What Should I Tackle Next?

Hello everyone, Winnie Griggs here. Today’s post is a bit different than my usual post. Instead of sharing information I came across in my research I’m going to ask you to help me with a bit of research of the reader variety.

I have three older releases that I’ve received the rights back for and I’d like to reissue them as self-published editions. However, they all need to be gone through and updated and right now I’m working on a contracted book that has a firm deadline. That means I have limited time to focus on them and will need to do them as low-priority side projects. So I’d be interested in learning which of the books intrigues you the most. So please rank the following in the order in which they interest you – and there are no wrong answers.  I’ll select at least one person to receive their choice of any book from my backlist (and I still have several copies of the below out of print books I’ll throw in the mix as well)

Book 1 – this was first published in 2002 under the title Whatever It Takes. Here’s the original blurb:

Flirting With Perfection…

To adopt the little girl she’s come to love, widow Maddy Potter needs a fiancé, not another husband. Luckily, she’s found the ideal beau for her purpose:

Clayton Kinkaid agrees to court her, propose marriage, and then leave her at the altar as she requested. But when he arrives on her doorstep she knows their charade will never work. Clay is too handsome, too smooth… too potent. Who would believe such a charming, good-looking man wants to woo her?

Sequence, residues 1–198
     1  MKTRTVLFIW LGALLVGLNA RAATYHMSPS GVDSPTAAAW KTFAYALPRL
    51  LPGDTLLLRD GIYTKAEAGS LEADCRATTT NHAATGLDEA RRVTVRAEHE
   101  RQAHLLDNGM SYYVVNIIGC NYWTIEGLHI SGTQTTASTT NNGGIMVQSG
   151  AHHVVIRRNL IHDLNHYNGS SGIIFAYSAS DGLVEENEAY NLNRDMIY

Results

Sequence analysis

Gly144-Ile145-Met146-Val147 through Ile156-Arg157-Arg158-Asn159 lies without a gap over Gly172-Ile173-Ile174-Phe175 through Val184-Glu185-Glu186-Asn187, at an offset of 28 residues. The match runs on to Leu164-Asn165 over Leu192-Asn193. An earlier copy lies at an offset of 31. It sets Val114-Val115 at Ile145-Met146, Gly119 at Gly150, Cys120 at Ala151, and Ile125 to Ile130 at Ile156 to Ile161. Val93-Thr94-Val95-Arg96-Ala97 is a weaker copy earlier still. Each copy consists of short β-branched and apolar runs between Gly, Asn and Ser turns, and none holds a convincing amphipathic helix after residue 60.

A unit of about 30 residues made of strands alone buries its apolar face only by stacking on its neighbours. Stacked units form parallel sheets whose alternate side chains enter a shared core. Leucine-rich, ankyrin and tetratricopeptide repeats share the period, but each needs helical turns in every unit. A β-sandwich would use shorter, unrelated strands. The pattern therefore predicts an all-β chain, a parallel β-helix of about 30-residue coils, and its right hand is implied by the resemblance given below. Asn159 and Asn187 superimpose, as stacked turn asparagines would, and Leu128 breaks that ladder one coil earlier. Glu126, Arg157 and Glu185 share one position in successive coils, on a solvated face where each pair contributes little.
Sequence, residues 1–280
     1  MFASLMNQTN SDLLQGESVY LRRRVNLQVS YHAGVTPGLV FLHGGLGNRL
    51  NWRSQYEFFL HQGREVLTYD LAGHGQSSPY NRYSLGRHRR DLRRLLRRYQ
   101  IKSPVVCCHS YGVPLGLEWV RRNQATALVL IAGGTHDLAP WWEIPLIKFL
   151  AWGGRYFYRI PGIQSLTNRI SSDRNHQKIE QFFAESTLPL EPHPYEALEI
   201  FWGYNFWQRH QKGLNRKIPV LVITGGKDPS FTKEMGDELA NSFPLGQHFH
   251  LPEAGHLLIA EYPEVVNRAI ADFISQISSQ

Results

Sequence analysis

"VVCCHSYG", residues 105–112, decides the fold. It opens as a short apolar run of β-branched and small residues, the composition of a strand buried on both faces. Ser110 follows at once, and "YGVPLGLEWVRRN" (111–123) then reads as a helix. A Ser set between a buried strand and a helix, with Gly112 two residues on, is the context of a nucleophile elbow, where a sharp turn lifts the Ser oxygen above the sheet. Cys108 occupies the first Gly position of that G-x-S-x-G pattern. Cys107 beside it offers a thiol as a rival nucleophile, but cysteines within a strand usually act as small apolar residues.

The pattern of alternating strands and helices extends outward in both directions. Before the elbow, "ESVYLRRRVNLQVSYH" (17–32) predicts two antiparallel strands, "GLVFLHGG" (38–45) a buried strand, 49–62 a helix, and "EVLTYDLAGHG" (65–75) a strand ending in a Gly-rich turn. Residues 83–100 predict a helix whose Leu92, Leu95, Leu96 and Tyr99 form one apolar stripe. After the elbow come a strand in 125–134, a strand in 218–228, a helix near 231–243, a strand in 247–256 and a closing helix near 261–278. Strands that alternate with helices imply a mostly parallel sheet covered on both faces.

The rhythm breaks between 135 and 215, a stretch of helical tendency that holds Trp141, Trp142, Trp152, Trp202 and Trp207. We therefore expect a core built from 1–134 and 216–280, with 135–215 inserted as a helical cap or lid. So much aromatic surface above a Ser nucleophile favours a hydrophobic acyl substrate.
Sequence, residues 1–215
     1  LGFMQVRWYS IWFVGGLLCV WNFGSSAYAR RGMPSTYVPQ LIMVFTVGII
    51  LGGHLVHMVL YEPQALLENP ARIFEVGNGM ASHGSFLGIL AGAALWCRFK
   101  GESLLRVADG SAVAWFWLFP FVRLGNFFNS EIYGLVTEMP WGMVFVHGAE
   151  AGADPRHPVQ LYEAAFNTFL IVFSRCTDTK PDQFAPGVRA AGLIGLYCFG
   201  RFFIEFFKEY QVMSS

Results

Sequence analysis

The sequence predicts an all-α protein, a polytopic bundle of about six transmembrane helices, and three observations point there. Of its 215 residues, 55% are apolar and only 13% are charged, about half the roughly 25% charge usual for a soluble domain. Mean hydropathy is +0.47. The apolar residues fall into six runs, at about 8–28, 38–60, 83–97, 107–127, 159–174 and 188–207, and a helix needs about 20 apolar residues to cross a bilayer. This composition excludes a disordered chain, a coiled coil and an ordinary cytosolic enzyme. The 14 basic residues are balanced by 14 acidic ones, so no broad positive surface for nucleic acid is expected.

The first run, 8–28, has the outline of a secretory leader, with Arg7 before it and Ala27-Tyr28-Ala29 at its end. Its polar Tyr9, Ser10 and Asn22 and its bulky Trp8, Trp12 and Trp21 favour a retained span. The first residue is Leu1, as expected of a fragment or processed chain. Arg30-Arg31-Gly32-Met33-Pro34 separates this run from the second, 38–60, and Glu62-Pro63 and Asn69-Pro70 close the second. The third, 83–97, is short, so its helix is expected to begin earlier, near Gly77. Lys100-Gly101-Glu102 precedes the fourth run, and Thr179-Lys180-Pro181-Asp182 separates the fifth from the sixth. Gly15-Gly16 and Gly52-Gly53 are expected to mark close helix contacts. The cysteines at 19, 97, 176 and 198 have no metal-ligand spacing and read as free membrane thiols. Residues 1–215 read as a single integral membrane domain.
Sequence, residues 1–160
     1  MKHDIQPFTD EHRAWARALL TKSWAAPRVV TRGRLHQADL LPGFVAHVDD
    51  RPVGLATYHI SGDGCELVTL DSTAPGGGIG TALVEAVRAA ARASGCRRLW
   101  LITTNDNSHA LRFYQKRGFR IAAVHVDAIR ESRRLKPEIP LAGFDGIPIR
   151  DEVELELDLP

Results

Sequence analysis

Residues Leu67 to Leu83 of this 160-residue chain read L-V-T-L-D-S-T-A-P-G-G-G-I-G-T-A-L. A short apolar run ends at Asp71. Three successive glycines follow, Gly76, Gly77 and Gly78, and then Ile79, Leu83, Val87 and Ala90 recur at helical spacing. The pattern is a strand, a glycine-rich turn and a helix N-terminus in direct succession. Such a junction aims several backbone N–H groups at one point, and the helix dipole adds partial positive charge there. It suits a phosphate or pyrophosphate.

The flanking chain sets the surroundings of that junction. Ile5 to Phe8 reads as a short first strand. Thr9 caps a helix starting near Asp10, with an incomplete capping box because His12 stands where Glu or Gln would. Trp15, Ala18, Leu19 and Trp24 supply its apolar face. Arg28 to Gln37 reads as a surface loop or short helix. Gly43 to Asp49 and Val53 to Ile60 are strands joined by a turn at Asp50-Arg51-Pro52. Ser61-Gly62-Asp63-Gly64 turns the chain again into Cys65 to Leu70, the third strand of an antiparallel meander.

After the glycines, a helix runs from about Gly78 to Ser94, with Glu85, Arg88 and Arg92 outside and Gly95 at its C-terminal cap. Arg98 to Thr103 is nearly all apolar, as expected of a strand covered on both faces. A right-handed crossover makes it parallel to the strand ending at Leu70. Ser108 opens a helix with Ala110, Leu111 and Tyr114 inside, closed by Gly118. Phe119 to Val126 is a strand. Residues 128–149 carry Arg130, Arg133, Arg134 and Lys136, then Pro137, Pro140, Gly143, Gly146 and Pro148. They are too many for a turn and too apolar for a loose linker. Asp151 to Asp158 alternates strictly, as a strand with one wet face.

Clay accepted Maddy’s proposal in order to repay a family debt of honor. He traveled to Missouri expecting to find a reserved widow, not a beautiful young woman—a woman who has the temerity to suggest he comb his hair differently, mess up his clothes a little, maybe even walk with a limp. She even has the audacity to instruct him on how to court her!  Clay knows he could be the perfect suitor. What he didn’t realize was that he’d soon long to be the perfect husband.

Book 2 – this was originally published in 2004 under the title A Will of Her Own. Here’s the 2004 blurb:

Will Trevaron’s grandfather demands that he leave America and return home to England to claim his title of Marquess. Will is expected to put himself on the marriage market but balks at the idea. He hits on the perfect solution: a marriage of convenience to Maggie Carter. A union with a “nobody from the colonies” would shock and horrify his stuffy family and rescue from poverty the woman who had once saved his life. Will didn’t count on getting three spirited children in the bargain though. And he didn’t expect to fall for his wife.

But as Maggie sets his household straight about what an independent lady from an ‘unsophisticated country’ would and would not accept, the new marquess begins to discover that his marchioness has a will of her own.

Book 3 – this one was originally published in 2010 under the title The Heart’s Song. The 2010 blurb reads:

Widower Graham Lockwood hasn’t stepped foot in church since he lost his family. So he can’t possibly say yes to his new neighbor’s request that he lead the hand bell choir. But widowed mother Reeny Landry is so hopeful—and her fatherless children so in need—that Graham agrees to help.